After a lengthy debate, the Israeli government finally had the remains of Pauline and Hans reburied in Jerusalem on Mt. Herzl in 2007. In a controversial ruling, the Sephardic Chief Rabbi Shlomo Amar declared that Hans’ conversion to Christianity was the result of mental illness, and not the result of a rational decision, and therefore he could be reburied in a Jewish cemetery.
Herzl’s own narrative of origins, which emphasized the story of his ancestors’ forced baptisms and their eventual return to Judaism, was thus subverted by his children’s stories, particularly the tale of his son. As Hans himself realized, Herzl’s children were fated to be neither Jewish nor Christian. The Jewish state that Theodor Herzl envisioned came into being 44 years after his death. The family he and his wife established came to an end with the suicide of their only grandson, Trude’s son Stephen Theodor Norman, in Washington, D.C., in 1946, not long after he found out that most of his family had died during the war. In 2007, the Israeli government arranged the transfer of Stephen’s remains for reburial in the family plot on Mt. Herzl.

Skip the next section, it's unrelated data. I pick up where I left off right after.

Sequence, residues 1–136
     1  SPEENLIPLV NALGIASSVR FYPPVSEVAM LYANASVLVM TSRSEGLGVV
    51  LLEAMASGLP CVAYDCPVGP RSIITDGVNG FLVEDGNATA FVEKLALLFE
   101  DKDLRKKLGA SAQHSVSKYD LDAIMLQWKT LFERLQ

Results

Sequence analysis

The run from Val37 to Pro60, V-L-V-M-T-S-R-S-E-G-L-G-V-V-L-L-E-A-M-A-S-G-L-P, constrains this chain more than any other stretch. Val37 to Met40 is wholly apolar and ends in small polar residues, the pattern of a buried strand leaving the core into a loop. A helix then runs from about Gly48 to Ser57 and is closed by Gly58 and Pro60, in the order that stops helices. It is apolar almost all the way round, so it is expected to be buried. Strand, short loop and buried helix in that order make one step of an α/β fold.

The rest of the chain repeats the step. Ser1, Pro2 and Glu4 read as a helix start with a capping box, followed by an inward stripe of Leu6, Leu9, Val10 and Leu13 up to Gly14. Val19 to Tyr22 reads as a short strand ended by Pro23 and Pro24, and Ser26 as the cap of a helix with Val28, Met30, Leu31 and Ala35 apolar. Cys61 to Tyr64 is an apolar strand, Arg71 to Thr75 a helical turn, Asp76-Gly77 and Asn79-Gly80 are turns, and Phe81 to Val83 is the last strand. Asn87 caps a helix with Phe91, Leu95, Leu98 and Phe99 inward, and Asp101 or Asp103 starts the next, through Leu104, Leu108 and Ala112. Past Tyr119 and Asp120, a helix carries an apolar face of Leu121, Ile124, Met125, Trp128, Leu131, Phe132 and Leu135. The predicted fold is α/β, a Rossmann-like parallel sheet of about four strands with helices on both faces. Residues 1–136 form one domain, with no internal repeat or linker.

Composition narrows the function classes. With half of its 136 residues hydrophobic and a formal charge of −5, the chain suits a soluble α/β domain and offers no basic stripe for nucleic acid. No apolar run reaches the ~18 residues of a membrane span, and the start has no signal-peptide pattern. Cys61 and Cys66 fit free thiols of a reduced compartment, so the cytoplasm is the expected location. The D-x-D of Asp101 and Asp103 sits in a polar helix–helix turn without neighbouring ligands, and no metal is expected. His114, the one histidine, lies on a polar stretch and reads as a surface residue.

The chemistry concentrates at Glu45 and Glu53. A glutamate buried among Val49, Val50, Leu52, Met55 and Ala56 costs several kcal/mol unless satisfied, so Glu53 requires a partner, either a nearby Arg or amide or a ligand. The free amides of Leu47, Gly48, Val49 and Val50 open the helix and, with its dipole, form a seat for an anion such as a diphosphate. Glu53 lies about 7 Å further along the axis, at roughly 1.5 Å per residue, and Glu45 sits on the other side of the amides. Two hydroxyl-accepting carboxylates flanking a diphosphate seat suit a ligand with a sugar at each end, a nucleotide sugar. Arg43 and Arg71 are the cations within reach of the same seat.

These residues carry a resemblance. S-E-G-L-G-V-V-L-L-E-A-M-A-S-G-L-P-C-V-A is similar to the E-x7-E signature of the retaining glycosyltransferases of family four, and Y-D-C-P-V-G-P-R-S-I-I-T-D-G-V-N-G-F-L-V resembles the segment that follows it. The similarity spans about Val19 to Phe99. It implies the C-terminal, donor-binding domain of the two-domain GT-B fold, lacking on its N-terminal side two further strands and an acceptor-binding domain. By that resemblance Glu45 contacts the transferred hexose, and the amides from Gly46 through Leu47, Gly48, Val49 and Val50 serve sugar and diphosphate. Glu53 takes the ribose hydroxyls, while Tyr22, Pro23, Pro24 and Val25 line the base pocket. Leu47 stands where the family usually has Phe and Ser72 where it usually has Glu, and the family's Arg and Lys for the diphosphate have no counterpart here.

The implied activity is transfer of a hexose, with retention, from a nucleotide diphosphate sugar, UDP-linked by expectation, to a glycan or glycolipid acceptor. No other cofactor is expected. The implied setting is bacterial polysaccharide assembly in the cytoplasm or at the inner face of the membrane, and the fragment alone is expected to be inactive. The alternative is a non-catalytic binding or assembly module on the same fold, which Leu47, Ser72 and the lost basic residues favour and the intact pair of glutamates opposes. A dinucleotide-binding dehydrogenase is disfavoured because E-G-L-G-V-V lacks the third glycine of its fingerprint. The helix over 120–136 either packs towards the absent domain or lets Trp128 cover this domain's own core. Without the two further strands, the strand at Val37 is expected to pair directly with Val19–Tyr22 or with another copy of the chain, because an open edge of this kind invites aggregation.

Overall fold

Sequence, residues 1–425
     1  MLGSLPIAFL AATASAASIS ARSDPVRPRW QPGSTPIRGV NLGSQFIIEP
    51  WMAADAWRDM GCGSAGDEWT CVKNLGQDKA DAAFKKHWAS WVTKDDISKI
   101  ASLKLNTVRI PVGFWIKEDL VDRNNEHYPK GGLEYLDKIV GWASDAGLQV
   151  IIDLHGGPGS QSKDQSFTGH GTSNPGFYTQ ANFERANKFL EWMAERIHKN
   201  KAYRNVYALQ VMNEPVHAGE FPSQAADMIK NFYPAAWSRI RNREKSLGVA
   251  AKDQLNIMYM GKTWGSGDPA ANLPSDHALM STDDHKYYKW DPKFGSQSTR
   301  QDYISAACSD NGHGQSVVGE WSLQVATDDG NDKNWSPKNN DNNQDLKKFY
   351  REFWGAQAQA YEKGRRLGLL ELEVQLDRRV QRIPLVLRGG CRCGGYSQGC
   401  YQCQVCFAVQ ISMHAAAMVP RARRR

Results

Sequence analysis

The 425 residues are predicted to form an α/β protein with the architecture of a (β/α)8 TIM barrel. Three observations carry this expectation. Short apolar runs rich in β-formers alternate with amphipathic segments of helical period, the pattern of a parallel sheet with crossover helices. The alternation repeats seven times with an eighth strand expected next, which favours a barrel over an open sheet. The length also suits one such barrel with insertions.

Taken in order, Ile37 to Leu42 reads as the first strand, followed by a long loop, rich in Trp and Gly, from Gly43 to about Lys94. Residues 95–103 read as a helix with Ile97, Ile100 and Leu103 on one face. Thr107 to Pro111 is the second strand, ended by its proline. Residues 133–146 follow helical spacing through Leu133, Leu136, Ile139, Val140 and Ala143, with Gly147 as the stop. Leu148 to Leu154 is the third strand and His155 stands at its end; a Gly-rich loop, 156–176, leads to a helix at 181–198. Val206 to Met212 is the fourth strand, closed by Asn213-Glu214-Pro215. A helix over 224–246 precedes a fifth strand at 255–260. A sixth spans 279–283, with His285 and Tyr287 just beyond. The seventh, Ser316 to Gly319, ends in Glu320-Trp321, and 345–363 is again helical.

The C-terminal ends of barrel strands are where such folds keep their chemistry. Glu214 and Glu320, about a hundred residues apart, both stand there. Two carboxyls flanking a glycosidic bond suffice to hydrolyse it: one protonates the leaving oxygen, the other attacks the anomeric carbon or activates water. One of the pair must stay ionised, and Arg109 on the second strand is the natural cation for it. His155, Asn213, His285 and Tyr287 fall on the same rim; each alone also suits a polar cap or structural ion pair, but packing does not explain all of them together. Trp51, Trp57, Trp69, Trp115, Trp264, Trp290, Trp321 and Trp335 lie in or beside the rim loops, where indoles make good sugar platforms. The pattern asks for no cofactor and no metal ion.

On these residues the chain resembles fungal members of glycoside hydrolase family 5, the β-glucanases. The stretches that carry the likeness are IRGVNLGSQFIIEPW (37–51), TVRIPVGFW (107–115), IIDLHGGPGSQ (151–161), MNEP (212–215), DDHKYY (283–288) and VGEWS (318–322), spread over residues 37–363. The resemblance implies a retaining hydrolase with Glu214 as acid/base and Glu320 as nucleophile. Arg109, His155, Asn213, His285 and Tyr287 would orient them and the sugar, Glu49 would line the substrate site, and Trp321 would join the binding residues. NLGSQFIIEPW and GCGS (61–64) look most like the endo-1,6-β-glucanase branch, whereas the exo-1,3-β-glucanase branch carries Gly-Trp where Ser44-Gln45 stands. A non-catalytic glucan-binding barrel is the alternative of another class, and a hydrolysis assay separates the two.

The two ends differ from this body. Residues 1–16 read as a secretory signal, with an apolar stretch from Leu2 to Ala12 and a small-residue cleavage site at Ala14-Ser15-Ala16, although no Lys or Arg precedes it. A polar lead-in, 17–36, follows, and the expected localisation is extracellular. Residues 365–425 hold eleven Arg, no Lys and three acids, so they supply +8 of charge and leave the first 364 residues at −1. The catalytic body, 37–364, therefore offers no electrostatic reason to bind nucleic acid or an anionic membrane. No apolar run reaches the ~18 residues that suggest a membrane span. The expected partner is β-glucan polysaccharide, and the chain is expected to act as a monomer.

Shalom Goldman is Professor of Religion at Middlebury College. His most recent book is Starstruck in the Promised Land: How the Arts Shaped American Passions about Israel.